- HelloFresh co-founder Thomas Griesel hinted that the meal-kit company may extend into ready-made meals, telling a German newspaper, “we see a very big market niche.”
- The company already offers some ready-made meals and snacks in vending machines in corporate offices in Berlin, but there are plans to expand those meals throughout Germany.
- If HelloFresh were to expand into ready-made options, Griesel said the meals would be available online, not at supermarkets.
If HelloFresh is looking to continue expanding its business, ready-made meals make plenty of sense. The company already has the culinary expertise and operational capacity in place, as well as a vending machine pilot in its corporate offices from which to glean hit-or-miss insights.
It would also make sense for a company that operates in a convenience-driven category to go one step further to meet a demand for time-pressed consumers. Because of these on-demand lifestyles, the global ready meals market is expected to become a $143 billion category by 2023, growing at a clip of more than 10% through 2023.
There is room for HelloFresh and its expertise to shake up this category. Most read-made meals in grocery stores are produced by the grocers themselves, meaning brands could have a chance to stand out. The timing is ripe, too, as the company experiences an abundance of momentum that recently pushed it past Blue Apron for the top spot in the U.S. meal kit space. HelloFresh’s global sales grew more than 50% last year.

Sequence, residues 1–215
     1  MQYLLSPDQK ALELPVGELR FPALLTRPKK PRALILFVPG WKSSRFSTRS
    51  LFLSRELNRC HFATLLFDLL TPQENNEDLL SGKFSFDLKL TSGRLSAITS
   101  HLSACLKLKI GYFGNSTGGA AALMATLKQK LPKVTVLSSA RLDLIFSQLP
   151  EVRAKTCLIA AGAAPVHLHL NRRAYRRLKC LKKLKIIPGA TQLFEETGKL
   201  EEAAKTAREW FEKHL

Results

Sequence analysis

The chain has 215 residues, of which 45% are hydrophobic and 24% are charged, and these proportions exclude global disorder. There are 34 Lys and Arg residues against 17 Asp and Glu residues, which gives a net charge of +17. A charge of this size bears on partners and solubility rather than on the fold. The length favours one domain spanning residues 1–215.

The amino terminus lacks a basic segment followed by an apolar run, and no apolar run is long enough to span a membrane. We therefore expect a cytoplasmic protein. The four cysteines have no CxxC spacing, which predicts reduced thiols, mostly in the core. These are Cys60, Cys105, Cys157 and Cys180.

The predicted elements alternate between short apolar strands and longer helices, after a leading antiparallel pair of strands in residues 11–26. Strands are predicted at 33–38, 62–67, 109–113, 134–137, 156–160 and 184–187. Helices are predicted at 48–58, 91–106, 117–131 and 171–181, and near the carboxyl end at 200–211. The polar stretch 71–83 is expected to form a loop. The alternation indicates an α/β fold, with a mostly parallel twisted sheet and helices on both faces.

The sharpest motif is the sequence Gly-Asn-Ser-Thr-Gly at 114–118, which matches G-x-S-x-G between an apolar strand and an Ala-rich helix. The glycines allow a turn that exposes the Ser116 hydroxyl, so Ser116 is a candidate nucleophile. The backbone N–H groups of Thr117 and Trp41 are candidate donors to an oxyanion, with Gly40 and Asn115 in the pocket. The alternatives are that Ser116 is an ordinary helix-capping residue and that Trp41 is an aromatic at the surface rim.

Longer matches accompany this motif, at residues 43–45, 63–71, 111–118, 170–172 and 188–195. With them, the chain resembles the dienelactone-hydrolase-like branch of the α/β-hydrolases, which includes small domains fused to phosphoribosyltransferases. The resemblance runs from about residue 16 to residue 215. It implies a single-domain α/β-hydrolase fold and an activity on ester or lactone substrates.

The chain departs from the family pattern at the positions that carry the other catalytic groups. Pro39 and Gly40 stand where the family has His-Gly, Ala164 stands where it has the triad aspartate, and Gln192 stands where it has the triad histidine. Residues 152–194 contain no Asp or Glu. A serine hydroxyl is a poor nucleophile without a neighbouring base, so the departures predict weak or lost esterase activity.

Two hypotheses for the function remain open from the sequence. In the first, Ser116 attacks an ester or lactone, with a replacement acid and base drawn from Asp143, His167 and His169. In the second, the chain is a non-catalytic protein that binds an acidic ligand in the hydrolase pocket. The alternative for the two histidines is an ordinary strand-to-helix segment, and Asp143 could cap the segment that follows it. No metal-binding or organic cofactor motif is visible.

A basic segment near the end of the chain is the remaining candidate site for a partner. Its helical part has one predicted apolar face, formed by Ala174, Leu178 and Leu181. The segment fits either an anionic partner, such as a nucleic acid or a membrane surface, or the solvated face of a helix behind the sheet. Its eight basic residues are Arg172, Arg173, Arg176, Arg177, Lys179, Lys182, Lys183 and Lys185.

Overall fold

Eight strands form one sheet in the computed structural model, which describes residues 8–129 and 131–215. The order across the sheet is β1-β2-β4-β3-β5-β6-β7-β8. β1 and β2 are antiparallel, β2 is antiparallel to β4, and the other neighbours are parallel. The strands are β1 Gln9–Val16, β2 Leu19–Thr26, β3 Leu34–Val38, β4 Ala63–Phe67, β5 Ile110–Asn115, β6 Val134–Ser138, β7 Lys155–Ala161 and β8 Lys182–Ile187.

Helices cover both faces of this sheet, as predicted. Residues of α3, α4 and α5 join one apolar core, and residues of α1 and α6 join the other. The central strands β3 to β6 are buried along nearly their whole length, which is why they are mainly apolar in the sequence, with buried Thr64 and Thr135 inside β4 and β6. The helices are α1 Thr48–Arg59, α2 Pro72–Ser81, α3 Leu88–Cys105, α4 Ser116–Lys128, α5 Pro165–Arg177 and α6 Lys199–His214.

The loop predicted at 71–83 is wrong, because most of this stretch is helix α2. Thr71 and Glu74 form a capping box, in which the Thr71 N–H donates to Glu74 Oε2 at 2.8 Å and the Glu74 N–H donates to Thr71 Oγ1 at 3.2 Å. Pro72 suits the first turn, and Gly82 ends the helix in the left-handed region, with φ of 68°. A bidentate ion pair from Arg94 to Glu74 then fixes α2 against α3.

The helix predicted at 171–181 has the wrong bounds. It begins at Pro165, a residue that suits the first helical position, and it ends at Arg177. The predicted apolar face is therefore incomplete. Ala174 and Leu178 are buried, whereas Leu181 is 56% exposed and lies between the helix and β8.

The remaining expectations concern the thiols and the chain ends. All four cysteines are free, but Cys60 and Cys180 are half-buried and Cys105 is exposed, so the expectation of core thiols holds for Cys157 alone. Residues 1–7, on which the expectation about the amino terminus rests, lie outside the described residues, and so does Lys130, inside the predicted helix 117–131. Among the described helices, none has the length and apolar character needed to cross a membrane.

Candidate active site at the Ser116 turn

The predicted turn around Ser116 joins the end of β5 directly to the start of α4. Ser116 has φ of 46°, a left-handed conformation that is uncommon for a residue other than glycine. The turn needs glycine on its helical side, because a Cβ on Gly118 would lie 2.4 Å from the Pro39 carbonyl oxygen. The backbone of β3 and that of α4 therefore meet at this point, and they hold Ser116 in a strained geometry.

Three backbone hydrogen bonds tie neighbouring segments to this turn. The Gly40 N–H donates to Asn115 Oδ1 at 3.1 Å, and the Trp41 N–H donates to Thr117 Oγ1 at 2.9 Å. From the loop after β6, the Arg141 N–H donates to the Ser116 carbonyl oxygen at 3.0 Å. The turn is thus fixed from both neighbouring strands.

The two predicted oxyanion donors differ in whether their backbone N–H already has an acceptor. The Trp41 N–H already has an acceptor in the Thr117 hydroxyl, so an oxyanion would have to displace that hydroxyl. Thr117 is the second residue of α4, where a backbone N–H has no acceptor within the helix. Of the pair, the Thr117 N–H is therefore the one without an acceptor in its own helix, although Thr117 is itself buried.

HelloFresh has already leveraged that momentum with its brick-and-mortar rollout scheduled for Ahold Delhaize’s Giant Food and Stop & Shop. While subscriptions still drive a majority of meal kit sales, in-store purchases grew by 27% last year, according to Nielsen. This in-store presence allows the company to better capture new customers and retain traditional consumers while saving on acquisition costs that have hindered subscription-based meal-kit companies.
Offering the ready-made meals in stores would seem a natural fit, and HelloFresh may eventually do this after testing the new offerings online. The prep-to-eat time for its meal kits is typically 30 to 40 minutes, though the company, like many others in the space, has been focusing on meals that cut down on time spent in the kitchen.
Even without a definitive commitment that HelloFresh is going to add a ready-made line, Griesel seems to be plenty optimistic about his company’s chances in the space, noting that the “the quality and freshness of what is currently available is questionable.”